On November 19, Ohio Arts Council board chair Jeffrey A. Rich (pictured, right, with wife Leslie), of Dublin, was invited to the White House by First Lady Michelle Obama for the presentation of the 2012 National Arts and Humanities Youth Program Awards.
"This is a wonderful program developed by the President's Committee on Arts and the Humanities to shine light on great after school programs that change the lives of our children," Rich said, reporting back to OAC staff after the event.
Awardees included Alchemy, Inc., a non-profit organization in Copley, Ohio that uses myth to help urban adolescent males transition successfully from boyhood to manhood. Alchemy, Inc., which was founded in 2003 by G. Kwame Scruggs, runs in- and after-school classes and workshops at seven public schools in Akron, Cleveland, and Youngstown for males between the ages of 12 and 19, who are referred by teachers or counselors. The classes incorporate drumming, journaling, storytelling and group discussion.
Other notable awardees included the African Culture Connection, an organization from Omaha, Nebraska that was founded by Charles Ahovissi, a professional dancer, drummer, choreographer and educator from the West African nation of Benin; the Rhode Island-based AS220 Youth Studio of Providence, which uses workshops offered by teaching artists to help at-risk youth who have struggled in school or are wards of the state; the Mariachi Master Apprentice Program, from San Fernando, California - a group of Mexican-American high school Mariachi musicians; and the New York City Urban Debate League, a program sponsored by the Bronx School of Law, Government and Justice.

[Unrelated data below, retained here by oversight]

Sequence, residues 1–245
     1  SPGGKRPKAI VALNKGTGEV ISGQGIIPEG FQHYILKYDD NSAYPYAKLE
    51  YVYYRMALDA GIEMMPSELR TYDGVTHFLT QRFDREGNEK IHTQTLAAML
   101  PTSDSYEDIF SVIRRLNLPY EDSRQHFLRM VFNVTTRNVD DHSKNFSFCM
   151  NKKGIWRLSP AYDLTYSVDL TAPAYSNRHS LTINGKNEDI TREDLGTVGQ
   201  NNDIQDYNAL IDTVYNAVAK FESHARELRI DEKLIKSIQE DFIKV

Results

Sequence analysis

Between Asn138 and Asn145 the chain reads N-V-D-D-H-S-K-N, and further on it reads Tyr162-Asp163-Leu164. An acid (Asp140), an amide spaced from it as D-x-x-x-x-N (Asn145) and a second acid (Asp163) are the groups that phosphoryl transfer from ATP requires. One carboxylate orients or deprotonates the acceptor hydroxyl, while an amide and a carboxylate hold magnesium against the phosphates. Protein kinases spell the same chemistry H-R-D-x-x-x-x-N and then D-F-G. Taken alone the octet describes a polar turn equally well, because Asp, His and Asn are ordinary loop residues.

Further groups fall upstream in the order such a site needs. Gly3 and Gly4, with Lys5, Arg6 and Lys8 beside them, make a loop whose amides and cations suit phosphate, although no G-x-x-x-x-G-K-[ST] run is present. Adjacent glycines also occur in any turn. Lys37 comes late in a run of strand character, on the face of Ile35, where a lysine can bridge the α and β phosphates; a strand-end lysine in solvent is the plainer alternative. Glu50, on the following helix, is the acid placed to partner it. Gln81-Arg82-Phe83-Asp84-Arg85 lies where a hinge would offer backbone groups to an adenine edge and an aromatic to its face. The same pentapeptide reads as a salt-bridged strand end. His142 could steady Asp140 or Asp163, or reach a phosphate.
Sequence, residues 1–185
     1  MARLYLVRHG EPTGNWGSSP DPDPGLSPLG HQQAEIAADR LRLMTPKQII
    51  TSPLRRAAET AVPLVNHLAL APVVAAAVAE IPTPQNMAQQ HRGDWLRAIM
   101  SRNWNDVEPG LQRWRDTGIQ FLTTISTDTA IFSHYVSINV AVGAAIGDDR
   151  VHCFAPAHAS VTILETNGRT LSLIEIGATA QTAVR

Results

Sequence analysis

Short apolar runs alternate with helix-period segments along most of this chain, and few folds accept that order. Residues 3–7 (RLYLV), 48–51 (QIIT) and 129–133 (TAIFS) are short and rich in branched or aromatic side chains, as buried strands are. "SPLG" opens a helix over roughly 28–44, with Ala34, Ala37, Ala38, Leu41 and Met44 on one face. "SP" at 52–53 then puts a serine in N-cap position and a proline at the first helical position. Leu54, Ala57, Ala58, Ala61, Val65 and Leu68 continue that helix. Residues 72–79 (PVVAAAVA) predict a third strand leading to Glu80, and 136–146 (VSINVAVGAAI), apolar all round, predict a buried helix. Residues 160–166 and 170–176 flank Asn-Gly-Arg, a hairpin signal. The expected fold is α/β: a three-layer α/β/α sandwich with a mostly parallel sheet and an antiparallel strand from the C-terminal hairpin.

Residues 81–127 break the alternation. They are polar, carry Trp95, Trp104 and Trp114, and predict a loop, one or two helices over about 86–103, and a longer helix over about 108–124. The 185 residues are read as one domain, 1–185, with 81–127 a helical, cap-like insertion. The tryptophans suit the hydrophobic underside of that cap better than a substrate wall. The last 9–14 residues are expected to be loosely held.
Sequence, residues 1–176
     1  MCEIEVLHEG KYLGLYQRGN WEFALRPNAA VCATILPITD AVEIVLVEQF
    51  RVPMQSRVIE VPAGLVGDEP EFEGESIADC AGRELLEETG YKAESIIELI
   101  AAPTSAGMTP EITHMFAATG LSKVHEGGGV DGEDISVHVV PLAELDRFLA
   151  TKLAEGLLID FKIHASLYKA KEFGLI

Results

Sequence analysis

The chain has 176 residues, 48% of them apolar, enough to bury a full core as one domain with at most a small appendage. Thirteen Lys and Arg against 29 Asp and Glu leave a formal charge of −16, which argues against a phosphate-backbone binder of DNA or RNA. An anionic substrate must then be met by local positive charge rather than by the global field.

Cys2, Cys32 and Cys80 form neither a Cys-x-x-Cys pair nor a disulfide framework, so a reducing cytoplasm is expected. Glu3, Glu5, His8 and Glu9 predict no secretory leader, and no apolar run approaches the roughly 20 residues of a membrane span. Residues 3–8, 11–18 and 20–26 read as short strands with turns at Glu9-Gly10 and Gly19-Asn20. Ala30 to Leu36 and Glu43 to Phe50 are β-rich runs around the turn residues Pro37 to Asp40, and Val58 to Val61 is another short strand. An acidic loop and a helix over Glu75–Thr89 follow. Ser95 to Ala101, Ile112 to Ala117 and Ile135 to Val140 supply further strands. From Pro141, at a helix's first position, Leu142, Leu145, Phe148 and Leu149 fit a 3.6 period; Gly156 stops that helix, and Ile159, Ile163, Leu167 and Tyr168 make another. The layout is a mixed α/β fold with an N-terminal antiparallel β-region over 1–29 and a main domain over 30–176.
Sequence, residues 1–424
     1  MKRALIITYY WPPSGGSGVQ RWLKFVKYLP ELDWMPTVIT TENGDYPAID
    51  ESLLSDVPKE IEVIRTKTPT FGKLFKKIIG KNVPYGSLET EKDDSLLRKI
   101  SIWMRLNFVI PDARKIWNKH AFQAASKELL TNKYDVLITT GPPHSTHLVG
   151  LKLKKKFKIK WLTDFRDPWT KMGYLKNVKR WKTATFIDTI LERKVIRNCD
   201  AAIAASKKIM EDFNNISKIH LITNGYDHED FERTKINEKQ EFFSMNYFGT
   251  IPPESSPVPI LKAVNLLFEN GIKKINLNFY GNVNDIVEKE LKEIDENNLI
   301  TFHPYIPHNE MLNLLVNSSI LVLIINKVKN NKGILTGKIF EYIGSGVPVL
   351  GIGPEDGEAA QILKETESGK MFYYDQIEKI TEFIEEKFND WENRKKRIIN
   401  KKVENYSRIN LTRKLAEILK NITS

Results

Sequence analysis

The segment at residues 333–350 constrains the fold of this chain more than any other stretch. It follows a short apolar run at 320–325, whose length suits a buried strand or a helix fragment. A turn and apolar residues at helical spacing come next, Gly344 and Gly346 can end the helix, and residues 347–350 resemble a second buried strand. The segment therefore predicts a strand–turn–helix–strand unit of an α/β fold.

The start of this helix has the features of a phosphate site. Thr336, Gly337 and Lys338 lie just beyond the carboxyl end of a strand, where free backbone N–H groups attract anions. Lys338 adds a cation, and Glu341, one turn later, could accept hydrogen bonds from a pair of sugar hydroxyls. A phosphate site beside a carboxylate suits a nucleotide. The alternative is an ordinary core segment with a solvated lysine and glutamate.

"The 2012 awardees demonstrate the power that comes from young people realizing their creative promise," the First Lady told attendees. "These outstanding organizations from across the country inspire our youth to explore the world of possibility that awaits them."
Board chair Rich said he was proud to represent the Ohio Arts Council at the White House, and added, "from high school historian internship programs to a youth radio network, and from Oakland and Seattle to New York and Hong Kong, the 12 National Arts and Humanities Youth Program awardees represented the best of our world's youth. These imaginative and resourceful programs help inspire and train the next generation of creators."